“When others pull out, I believe it’s time to jump in,” says Naveen Munjal, founder and managing director of Hero Electric, India’s largest electric vehicle (EV) manufacturer. Over a Zoom call with The Ken, Munjal is talking about the peculiarities of running a brick-and-mortar automotive company during a lockdown.

Covid-19 has brutally hit India’s $118-billion automotive industry. Already smarting from lacklustre sales lacklustre sales Autocar India Two-wheeler sales down 27 percent in June 2020 Read more  in 2019 and the painful switch to new BS-VI emission norms, the sales of petrol scooters fell by 27% in the first quarter of 2020.

Green shoots, though, have appeared in places not many would have expected—India’s fledgeling EV industry. Leading the pack are homegrown brands like Hero Electric and Okinawa. According to a report by JMK Research and Analytics, a Delhi-based research and advisory firm, Hero Electric’s sales hit a 1000 units in March 2020, though the company claims its closer to 7000, taking low-speed scooter sales into account. Hero Electric has a sizeable 36% share in India’s high-speed electric scooter high-speed electric scooter High-speed electric scooter Electric scooters that travel at over 25 km/hour and have to be registered under the Motor Vehicle Act market, the report says.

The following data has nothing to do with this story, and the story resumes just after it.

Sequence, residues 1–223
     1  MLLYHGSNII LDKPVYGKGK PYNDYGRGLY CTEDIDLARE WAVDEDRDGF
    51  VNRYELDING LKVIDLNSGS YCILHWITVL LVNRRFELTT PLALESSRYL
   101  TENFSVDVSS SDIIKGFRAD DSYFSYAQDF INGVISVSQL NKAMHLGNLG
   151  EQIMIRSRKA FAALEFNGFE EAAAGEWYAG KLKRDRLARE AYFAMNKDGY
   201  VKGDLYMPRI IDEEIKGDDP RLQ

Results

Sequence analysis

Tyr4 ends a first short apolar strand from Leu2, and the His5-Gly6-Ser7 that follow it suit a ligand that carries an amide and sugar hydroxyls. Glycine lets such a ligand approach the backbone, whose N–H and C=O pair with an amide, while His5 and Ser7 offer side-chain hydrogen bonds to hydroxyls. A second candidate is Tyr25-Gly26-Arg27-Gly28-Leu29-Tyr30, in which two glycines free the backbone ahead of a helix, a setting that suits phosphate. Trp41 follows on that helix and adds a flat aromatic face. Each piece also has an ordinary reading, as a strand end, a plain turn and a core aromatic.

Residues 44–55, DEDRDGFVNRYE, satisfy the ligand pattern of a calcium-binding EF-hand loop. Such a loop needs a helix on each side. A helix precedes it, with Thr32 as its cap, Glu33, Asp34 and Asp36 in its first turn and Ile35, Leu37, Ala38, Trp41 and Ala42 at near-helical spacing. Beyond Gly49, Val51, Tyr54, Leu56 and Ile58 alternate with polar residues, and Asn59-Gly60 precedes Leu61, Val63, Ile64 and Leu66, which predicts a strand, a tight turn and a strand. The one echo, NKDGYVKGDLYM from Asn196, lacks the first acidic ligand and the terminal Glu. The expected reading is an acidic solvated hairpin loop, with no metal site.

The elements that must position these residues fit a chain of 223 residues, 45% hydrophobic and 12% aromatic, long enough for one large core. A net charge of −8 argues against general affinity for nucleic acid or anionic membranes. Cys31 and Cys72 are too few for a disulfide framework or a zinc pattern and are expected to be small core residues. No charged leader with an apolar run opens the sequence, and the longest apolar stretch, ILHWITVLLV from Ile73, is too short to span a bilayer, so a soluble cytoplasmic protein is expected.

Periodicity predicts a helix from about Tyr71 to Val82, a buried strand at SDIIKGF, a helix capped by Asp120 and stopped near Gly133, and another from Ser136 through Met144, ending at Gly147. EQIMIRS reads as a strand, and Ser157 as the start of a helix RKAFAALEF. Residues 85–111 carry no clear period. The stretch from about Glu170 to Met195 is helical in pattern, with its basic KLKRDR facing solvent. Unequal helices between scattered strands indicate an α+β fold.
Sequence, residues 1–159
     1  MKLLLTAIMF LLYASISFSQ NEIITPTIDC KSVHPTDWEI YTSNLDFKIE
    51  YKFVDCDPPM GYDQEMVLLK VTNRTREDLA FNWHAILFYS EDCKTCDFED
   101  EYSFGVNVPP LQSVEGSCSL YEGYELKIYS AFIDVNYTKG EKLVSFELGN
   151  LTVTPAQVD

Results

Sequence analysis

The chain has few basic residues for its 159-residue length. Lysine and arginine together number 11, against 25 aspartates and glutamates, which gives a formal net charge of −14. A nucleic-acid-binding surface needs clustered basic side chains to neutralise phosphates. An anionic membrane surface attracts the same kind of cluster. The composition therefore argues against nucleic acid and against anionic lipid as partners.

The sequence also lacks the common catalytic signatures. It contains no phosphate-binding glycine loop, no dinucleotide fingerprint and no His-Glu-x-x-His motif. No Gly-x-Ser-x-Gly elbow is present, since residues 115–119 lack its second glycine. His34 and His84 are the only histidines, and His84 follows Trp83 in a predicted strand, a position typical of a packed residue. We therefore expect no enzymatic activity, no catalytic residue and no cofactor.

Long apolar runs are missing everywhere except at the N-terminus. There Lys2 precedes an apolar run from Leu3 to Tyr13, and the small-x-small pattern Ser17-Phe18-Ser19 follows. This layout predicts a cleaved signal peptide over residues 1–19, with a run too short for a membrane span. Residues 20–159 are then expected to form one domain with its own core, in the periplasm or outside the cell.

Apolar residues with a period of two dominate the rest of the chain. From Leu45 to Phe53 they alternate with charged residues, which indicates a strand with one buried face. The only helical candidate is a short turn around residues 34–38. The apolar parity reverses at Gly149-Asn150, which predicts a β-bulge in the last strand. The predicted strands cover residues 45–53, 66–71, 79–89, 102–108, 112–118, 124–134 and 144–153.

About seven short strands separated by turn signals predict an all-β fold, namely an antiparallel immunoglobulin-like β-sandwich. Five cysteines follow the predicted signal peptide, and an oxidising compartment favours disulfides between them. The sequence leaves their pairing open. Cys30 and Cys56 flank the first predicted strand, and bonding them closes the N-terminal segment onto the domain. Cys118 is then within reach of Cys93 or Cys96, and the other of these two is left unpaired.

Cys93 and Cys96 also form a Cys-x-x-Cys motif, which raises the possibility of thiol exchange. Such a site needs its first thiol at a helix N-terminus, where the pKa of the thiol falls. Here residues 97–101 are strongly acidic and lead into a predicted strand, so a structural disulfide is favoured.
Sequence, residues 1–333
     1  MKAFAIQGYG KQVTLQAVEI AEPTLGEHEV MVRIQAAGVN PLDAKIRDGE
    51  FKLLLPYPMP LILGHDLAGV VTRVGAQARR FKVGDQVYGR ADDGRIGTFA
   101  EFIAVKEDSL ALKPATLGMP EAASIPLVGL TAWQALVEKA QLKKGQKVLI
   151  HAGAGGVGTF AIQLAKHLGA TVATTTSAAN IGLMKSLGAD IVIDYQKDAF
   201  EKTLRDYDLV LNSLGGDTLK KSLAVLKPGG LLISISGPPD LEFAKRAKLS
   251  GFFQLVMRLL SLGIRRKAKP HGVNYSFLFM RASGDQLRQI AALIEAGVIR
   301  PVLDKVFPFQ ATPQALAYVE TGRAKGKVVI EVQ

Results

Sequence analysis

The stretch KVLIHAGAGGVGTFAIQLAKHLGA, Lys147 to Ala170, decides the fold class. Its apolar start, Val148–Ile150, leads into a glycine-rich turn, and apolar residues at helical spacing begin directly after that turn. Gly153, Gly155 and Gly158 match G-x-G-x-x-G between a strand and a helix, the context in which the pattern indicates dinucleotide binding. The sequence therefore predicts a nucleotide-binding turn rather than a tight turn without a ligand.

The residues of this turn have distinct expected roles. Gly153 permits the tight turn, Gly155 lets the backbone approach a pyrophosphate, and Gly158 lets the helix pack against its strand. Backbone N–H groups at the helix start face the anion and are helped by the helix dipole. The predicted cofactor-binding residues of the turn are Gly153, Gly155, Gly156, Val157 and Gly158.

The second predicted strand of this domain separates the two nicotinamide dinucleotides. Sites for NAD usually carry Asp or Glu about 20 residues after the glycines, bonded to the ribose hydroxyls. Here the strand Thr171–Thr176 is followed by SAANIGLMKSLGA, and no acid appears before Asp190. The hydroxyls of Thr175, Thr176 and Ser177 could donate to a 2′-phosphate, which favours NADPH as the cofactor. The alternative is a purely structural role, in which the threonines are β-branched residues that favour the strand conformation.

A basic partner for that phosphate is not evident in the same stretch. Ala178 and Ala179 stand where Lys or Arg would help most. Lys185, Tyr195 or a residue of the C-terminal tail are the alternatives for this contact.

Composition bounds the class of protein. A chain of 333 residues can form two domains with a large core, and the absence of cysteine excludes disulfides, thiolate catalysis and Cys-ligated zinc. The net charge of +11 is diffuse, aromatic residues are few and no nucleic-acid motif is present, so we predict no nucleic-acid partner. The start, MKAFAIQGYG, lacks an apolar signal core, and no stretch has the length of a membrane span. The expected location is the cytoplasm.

Fundamentals

Hero Electric had posted a net profit of Rs 5.19 crore ($695,000) in the year ended March 2019, up from incurring a net loss of Rs 4.48 crore ($600,440) in the previous year, according to company research platform Tofler. During the same period, the company’s revenue increased from Rs 113 crore ($15 million) to Rs 187 crore ($25 million)

Munjal, who carved Hero Electric out of the $8-billion automotive giant Hero MotoCorp (formerly Hero Honda) over a decade ago, has a penchant for doing counterintuitive things. In 2001, he introduced India to electric bicycles. Between 2010 and 2013, as the rest of the EV industry was collapsing under the dual pressures of the global financial crisis and shifts in government subsidy policies, he chose to carry on supplying spare parts to the competition. Reaching for what he calls “explosive growth” during a global pandemic, Munjal is hedging his bets on the unpredictable EV industry for the third time.

Hero Electric’s first move to counter the pandemic was to reach out to over 5,000 customers and educate them about the advantages of going electric. It did this through a series of webinars and online town halls. “People have started seeing the benefits of living in clean air,” says Munjal.

AUTHOR

Olina Banerji

Based in Delhi, Olina writes about mega-trends in urban mobility, education, skilling and the environment, with a focus on how institutions and innovations can help cities grow sustainably. She is a graduate of the London School of Economics, and has worked previously with India Today and global non-profit Ashoka.

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